Explore additional resources, ways to assess lateral reading, and strategies, such as click restraint, that might help students abandon sources that aren't credible enough for their information goals and instead, help them read credible sources, analyze claims and evidence, and ultimately develop their own explanations or claims.

LR Activity: After Lateral Reading title slide

Wrap Up

Feedback on two questions: 1) What are two takeaways from today's sessions? and 2) What is the one thing you are considering using in your classrooms?

Day 3

MEL Research Talk

How do students negotiate evaluations of the relations between lines of scientific evidence and alternative explanatory models of a phenomenon during an argument-based learning activity? How do students plausibility judgements change pre- and post- MEL activities? Does this make a difference between pcMELs and baMELs? What does the research show?

Plausibility Finding

Talk Moves

In order to process, make sense of, and learn from their ideas, observations, and experiences, students must talk about them. What does academically productive talk look like?

Activity 11: Talk Moves title slide



  • ....a little time for yourself

Making LR and MEL Connections

How might LR and MEL activities go together? What could this look like in the classroom?

Activity 12: Making LR and MEL Connections title slide

MEL Activity: The MEL Project Teacher Guide

Take a tour of The MEL Project Teacher Guide. Check out directions and hints for using pcMELs, baMELs, and virtual MELs in the classroom.

MEL Project Teacher Guide title slide

LR Activity: Addressing Unhelpful Strategies

What do you think/know your students have learned from other classes or past teachers about evaluating online information? How can you help counter unhelpful strategies?

LR Activity: Addressing Unhelpful Strategies title slide



MEL Activity: Reviewing four build-a-MELS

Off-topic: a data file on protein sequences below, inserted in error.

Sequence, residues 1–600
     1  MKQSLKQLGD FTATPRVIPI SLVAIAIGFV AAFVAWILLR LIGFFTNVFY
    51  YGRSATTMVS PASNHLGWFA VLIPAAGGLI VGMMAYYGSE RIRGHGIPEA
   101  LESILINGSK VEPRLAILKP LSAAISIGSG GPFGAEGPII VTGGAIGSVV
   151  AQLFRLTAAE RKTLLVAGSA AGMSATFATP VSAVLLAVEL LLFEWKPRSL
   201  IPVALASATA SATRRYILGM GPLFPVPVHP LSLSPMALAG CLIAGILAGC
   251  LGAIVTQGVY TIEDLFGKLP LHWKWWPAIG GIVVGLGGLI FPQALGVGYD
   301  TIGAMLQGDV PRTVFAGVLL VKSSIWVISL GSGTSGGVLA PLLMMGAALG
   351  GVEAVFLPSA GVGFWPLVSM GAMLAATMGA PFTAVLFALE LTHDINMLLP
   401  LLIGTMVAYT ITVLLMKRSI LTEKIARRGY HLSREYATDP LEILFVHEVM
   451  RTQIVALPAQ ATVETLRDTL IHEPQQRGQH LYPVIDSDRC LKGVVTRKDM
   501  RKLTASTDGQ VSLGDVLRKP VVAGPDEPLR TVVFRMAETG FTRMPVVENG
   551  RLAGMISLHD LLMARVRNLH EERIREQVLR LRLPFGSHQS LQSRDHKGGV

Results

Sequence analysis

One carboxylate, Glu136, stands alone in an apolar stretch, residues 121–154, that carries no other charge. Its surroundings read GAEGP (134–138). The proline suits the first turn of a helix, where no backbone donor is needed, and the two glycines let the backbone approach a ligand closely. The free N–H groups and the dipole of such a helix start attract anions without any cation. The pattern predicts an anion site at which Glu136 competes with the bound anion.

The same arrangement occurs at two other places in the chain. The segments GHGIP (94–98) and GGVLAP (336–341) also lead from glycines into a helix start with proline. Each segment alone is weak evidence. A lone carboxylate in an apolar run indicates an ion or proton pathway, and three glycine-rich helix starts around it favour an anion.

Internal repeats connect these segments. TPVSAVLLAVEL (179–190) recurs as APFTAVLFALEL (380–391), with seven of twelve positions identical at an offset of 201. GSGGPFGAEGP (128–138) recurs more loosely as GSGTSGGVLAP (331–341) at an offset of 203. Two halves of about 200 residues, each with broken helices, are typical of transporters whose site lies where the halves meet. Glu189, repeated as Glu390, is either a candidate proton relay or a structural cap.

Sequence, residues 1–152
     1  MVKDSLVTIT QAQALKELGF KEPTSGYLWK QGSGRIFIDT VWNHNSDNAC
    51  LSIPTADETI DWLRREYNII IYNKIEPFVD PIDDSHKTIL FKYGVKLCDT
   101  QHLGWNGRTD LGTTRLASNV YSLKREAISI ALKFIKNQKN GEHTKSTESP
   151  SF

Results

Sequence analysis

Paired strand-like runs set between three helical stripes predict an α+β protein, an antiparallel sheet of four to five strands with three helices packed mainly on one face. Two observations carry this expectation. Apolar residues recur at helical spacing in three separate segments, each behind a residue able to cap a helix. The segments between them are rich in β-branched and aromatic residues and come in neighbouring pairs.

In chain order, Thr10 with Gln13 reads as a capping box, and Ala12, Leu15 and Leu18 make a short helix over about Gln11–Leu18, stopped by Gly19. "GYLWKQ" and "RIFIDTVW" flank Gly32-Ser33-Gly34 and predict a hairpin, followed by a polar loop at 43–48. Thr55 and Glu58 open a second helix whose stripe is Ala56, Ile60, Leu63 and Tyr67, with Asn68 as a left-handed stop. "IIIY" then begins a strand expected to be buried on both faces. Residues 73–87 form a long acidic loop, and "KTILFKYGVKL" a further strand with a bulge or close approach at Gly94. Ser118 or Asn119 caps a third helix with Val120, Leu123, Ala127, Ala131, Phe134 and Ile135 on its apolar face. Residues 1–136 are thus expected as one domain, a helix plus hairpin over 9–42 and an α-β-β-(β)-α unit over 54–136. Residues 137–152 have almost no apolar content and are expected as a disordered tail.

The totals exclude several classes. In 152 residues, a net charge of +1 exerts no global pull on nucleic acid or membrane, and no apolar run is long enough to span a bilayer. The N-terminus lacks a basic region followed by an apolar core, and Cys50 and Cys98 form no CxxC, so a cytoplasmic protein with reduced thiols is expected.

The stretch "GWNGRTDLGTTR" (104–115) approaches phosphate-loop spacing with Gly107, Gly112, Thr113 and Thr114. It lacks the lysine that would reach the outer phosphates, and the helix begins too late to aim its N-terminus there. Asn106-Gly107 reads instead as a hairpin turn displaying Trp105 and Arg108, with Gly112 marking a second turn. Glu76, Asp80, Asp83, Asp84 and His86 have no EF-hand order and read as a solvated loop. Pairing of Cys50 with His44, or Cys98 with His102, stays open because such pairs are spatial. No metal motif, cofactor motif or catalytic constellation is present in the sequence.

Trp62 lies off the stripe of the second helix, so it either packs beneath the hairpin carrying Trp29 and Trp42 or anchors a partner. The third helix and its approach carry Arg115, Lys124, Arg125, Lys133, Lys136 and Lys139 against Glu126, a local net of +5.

Read and analyze four articles about baMELs. Examine the models and the type of explanation that underlies the models. What tips, pedagogical strategies, & potential problems are given for implementing these baMELs?

MEL Activity: Reviewing Four Build-a-MELs title slide

MEL Activity: Deep Dive - pcMELs and baMELs

How do the MELs align with Science Georgia Standards of Excellence (GSE)? What instructional strategies do you have for implementation?

MEL Activity: Deep Dive - pcMELs and baMELs title slide

LR Activity: Resources for and Assessing Lateral Reading

Research a lateral reading source. Why is it a good resource for lateral reading? Consider additional assessment options for lateral reading.

LR Activity: Resources for Lateral Reading title slide



  • ....a little time for yourself

Implementation Planning

If you're here in a team, what will implementing LR and MEL in your classrooms look like? What kinds of coordination will you need to do? If you're flying solo, what components (LR or MEL) can you use? Are there ways to bring in the principles of the other into your classroom? Are there teammates at your school that you could teach with about LR and MEL?

Implementation Planning title slide

Participating in Research During the Upcoming School Year

Find out what's involved and what you get by participating.

Research Participation title slide

Wrap Up

Contact us at MEL2institutes@gmail.com with your questions, suggestions, ideas, etc.

MEL/baMEL Gameboard

Some teachers like to create large "gameboard" versions of the MEL/baMEL diagram. The components included in the Teaching Resources section are designed for letter size paper. The components below are for an 18 X 24 inch version.


MEL/baMEL Gameboard Template 18x24
MEL/baMEL Gameboard Template 18x24[creative commons]
Provenance: UMD Science Learning Research Group
Reuse: This item is offered under a Creative Commons Attribution-NonCommercial-ShareAlike license http://creativecommons.org/licenses/by-nc-sa/3.0/ You may reuse this item for non-commercial purposes as long as you provide attribution and offer any derivative works under a similar license.

Project Support

This institute is supported in part by the NSF under Grant Nos. DRL-2201012, DRL-2201013, DRL-2201015, DRL-2201016, DRL-2201017, and DRL-2201018. Previous support came from Grant Nos. DRL-2027376, DRL-1721041, and DRL-1316057. Any opinions, findings, conclusions, or recommendations expressed are those of the authors and do not necessarily reflect the NSF's views.